May 10, 2010

Is It Over opened last Thursday to a buoyant response from the public. Although the space was still rather damp, everyone’s work felt thoroughly physical, bold and highly considered.

The exhibition allowed me to develop a site specific piece of work that dealt with lighting as creative process. Lights Out attempts to simulate a photoreceptive response within an dark confined space devoid of any natural light. Standing directly on top of the bunker I captured the surrounding environment light by photographing a chrome sphere at multiple exposures, compressing them into a single high dynamic range image (HDRI) in Photoshop. Inside the bunker I photographed some of the surrounding walls and floor, documenting the physical space. Then in Maya I began modeling a virtual bunker space using these photographic concrete textures and brought in the HDRI to illuminate the scene, creating organic structures that simulated a growth response from the floor to the ceiling. These ‘shoots’ are surrounded by square shaped leaves that reiterate the shape and physical restrictions of the bunker to natural growth. Ultimately the work succeeded in the process of taking natural light from the outside inside to drive a photoreceptive set of motions.

The title Lights Out refers to the WW2 air raids when the British people were told to turn off electrical lights so as to avoid being seen by overflying aircraft.



April 29, 2010

Over the last two weeks I have explored the possibilities of using Maxwell Render to output my short film. My tests have shown positive results, however if I choose this rendering engine there are some major elements that need to be reconsidered within the framework of the animation. This sudden change has raised some technical issues surrounding my lighting rig that must be addressed immediately if I am to stay on track.

Because of Mental Ray’s long standing integration into Maya and its resulting flexibility, I could essentially rig any shader, geometry or particle to multiple light sources in world space. In Maxwell, lights are created by applying emitter materials to geometry from which real world photometric data is used to light the scene. Unfortunately this does not allow me to connect or ‘rig’ a light source to drive particles or simulations as I’ve been developing. At first this looked liked a major problem. Then, on gathering my thoughts and conscientiously going over my intentions I realised not only the potential but also the benefits of only using environmental Image Based Lighting in my scene.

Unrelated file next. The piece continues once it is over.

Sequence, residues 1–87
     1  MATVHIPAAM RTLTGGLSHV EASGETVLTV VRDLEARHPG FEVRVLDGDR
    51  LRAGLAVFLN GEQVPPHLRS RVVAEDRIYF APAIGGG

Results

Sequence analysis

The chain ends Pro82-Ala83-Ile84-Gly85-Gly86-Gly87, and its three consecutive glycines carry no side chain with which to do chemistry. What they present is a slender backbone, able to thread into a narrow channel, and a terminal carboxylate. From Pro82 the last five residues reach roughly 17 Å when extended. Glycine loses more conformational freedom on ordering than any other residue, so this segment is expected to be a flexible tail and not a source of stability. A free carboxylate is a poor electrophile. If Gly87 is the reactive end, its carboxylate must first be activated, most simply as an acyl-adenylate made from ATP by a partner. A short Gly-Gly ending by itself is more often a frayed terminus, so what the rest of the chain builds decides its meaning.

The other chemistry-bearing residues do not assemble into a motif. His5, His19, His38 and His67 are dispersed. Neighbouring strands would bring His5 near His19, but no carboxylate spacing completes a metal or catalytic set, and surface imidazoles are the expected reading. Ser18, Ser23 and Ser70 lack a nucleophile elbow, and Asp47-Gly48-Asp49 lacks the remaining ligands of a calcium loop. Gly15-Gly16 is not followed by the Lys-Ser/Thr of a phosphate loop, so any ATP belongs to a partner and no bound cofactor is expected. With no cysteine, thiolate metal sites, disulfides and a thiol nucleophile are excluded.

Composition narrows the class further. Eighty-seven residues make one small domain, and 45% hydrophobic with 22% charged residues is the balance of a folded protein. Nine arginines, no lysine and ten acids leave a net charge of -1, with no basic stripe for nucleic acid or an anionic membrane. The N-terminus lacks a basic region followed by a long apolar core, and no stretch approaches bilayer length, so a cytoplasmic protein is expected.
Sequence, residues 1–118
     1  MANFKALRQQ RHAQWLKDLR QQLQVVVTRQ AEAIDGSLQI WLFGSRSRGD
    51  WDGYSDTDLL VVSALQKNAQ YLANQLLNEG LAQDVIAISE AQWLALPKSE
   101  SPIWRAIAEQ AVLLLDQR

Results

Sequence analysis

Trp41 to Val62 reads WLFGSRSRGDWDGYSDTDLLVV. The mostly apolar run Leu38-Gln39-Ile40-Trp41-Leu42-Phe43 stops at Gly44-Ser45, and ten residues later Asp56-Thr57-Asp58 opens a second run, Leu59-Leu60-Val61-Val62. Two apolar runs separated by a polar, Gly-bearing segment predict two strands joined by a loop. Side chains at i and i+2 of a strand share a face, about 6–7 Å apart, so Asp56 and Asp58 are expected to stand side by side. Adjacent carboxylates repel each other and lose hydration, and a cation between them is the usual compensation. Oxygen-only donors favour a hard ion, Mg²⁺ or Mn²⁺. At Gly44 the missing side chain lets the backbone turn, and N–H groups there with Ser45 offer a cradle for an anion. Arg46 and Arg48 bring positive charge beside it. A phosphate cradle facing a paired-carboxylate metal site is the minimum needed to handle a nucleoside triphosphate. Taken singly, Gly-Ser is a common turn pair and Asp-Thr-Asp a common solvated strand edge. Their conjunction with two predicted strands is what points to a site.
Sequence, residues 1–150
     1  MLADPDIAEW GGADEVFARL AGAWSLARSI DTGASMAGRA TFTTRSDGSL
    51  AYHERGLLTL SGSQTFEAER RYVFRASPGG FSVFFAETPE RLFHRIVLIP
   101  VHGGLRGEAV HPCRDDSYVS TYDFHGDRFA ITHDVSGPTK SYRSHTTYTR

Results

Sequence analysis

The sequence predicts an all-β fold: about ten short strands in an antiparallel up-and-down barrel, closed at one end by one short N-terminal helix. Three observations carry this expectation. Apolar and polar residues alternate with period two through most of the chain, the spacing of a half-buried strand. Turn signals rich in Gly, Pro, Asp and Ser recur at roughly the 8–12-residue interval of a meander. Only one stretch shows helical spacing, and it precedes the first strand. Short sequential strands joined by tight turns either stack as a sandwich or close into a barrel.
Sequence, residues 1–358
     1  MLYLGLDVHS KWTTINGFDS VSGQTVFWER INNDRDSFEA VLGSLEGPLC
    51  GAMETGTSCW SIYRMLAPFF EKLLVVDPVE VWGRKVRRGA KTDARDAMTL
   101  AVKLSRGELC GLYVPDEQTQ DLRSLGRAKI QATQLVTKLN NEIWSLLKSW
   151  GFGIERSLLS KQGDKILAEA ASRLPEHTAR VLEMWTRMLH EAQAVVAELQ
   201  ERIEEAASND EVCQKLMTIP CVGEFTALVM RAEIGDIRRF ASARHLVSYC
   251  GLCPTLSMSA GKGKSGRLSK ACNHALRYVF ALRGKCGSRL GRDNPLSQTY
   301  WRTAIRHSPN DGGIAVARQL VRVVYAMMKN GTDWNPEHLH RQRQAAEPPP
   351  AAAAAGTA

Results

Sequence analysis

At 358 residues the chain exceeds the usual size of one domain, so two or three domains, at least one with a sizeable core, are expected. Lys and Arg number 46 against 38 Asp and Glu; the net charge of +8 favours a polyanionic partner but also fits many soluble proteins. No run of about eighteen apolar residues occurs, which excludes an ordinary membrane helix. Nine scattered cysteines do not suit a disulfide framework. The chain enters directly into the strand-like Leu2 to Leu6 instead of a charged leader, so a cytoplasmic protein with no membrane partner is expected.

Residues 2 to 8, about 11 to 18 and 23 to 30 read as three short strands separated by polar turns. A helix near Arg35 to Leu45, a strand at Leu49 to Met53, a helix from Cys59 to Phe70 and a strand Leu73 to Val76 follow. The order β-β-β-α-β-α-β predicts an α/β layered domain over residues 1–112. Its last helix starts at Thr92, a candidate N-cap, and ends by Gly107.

Reading back over my blog I glanced over my Research Paper on HDRI and perceptual realism. I realised that this method was very much prevalent in my practical work as almost all of my scenes are lit with environmental IBL along with standard Maya lights. In Maxwell I found that creating an emitting light source in the scene doubled the render times which at this point in production is too heavy a hit to my timetabled workflow. When only using IBL the renders are quicker and the illumination is highly effective. So, the conclusion is that I will use one HDRI of an indoor environment which has multiple artificial light sources in it to light my scene. Getting the right amount of perceptually artificial light in my scene is very important particularly because the film deals with the prolonged effects of unnatural light.

I found these stats that highlight the amount of light around us in different environments, it is taken from;

Normal room 100-200 lux*
Brightly lit office or grocery store 1,000-2,000 lux*
Cloudy, January noon in Chicago 4,000 lux*
Spring sunrise 10,000 lux*
Summer early afternoon 100,000 lux*

*Lux is a measurement of light output or intensity (Rea 1993).


April 28, 2010

I’m involved in a group exhibition called Is It Over held in a WW2 bunker behind Cafe Otto in Dalston. It opens next Thursday 6th May and will run for 5 days. The premise of the show is to invite artists to create work responding site specifically to the disused bunker which has laid untouched for 60 years. So far my work has taken 105 hours to render 220 frames (out of 400), I’m just hoping it will finish without error by next Wednesday. I will post a entry explaining the work and its processes shortly.


April 28, 2010

The process of rendering within computer graphics has a long history of attempting to simulate real world objects. For this to occur interactions of light and object have been at the center of generating believable imagery that adhere to the physical laws of electromagnetic radiation. My whole area of study has been consistently focused around this process. Therefore when I discovered an advanced lighting renderer for Maya, it felt only natural to focus my attention on it.

Maxwell Render is a rendering engine based on the mathematical equations governing light transport, meaning that all elements, such as emitters, materials and cameras, are derived from physically accurate models. Maxwell Render is unbiased, so no tricks are used to calculate the lighting solution in every pixel of a scene; the result will always be a correct solution, as it would be in the real world. Maxwell Render can fully capture all light interactions between all elements in a scene, and all lighting calculations are performed using spectral information and high dynamic range data.